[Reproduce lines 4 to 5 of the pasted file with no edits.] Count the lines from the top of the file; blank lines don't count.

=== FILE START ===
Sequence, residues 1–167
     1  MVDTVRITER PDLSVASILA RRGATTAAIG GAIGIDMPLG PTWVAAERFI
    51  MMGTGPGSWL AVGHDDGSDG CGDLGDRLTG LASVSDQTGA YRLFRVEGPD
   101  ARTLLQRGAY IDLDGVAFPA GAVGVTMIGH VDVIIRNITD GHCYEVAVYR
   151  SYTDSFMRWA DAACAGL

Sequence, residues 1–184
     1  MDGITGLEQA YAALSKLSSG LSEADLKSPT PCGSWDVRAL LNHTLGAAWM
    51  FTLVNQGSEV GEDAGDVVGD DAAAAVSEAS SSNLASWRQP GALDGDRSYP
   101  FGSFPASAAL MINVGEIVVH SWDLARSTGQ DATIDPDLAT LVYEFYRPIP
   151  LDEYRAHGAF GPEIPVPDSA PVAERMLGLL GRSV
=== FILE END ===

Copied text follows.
   101  ARTLLQRGAY IDLDGVAFPA GAVGVTMIGH VDVIIRNITD GHCYEVAVYR
   151  SYTDSFMRWA DAACAGL